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But now twice that warning has not been loud enough, leaving Wheeler to run unprotected into a screener with a weight advantage of more than 50 pounds.
At LSU, the 5-foot-9, 180-pound Wheeler missed the last 35 minutes and each of the next two games after colliding with 7-foot, 238-pound center Efton Reid. At Auburn, he was forced to the locker room for a critical stretch after running into 7-foot-1, 245-pound center Walker Kessler.
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Both times Tshiebwe was the closest teammate to the screen but replays appeared to show him too far from the play.
“I did scream at him,” Tshiebwe said after Kentucky’s 80-71 loss at Auburn Saturday. “I scream at the beginning of the game for everybody, but the game, it was too loud. He did not hear again, and he got hurt. I don’t know. Maybe we’ve got to do something else.”
It is no coincidence that Kentucky lost both games where Wheeler was injured. At LSU, his absence was compounded when freshman guard TyTy Washington, the Wildcats’ second point guard option, was sidelined for much of the last 10 minutes by leg cramps. By the time Wheeler was injured in the second half at Auburn, Washington had already been lost to a left ankle injury.
Wheeler managed to return to the court just less than three minutes after his Auburn injury, but while he was in the locker room the Tigers turned a four-point lead into a 10-point one.
Wheeler’s game was eventually ended when he ran into another Auburn defender – this time against one setting a trap on the sideline – in the final minutes. After both collisions, Wheeler looked noticeably dazed while being attended to by trainers.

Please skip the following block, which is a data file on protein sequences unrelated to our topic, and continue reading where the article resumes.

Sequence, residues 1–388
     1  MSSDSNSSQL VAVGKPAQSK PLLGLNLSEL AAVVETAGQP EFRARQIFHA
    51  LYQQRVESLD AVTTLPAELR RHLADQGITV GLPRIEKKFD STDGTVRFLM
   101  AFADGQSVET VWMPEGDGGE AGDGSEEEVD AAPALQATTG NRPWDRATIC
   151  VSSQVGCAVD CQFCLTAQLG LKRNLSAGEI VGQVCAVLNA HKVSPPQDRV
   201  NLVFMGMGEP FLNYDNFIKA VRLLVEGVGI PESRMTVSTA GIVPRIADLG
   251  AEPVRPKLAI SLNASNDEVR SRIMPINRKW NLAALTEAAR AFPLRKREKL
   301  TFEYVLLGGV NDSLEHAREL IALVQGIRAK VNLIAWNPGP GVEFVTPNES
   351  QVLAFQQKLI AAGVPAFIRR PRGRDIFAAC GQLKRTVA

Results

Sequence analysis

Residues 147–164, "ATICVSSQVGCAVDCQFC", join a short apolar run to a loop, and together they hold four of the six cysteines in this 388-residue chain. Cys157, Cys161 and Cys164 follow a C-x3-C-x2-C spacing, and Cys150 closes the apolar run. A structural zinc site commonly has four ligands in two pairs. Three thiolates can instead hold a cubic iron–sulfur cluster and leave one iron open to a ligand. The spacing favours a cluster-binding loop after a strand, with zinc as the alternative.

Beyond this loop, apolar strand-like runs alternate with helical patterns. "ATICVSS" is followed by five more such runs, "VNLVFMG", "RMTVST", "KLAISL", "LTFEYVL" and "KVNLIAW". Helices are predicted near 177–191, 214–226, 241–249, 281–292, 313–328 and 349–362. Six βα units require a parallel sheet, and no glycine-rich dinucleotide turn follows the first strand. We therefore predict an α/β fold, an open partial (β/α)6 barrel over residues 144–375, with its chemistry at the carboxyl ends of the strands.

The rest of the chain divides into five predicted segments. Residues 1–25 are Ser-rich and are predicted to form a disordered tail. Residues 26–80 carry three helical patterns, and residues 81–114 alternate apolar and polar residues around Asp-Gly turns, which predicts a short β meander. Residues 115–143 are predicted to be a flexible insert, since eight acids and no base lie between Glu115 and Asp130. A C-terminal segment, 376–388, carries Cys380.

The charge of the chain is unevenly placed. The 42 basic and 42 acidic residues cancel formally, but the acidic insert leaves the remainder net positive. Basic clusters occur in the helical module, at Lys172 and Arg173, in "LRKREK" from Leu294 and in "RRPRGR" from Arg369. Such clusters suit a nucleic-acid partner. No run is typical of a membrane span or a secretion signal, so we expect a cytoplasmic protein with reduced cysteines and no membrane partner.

"A lot of teams are going to try to do those things because of the way Sahvir plays the ball," UK associate coach Orlando Antigua said Monday. "He spearheads our defense with that kind of pressure, so we’ve got to do a better job of protecting him. In an environment like Auburn with how loud it was and at the speed of the game that’s happening, he probably didn’t hear it.
"Oscar said he called it, probably didn’t hear it, but we’ve got to make sure we protect Sahvir if we want him to continue to be the catalyst to our defense the way he has been."
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After the LSU game, Calipari called for the NCAA to ban blindside screens due to the potential for injuries, noting similar plays are considered penalties in football, a sport where players are protected by pads.
Neither of the screens at LSU or Auburn was whistled for a foul as the referee deemed the screener was standing still at the time of the collision.
“Even if a guy went up and he knew he was coming and he wanted to do it with his hands showing, that would be OK with me,” Calipari said. “I don’t think the guy did anything dirty. I think it’s a rule that needs to be changed.”
Any potential rule change will have to wait until the offseason though.
In the meantime, Tshiebwe and Wheeler must find a better way to communicate the impending danger of similar plays in hostile road environments where crowd noise can make it harder to hear. Wheeler declined to discuss the LSU play after he returned from a two-game absence due to the neck injury suffered in the collision, so it is unclear what his feelings on the situation are.
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But after two more collisions at Auburn, there is a reason to worry about a mounting toll on his diminutive frame.
“Worried about Sahvir,” Calipari said Saturday. “I told him in the last four minutes ‘why don’t you just come out?’ He said ‘No, I’m going to finish it.’
“At the end of the day I’m coaching someone’s child. If he can’t play this week and Tyty can’t play this week, they’re hurt, they can’t play.”
This article originally appeared on Louisville Courier Journal: Kentucky basketball: Sahvir Wheeler injured again on a screen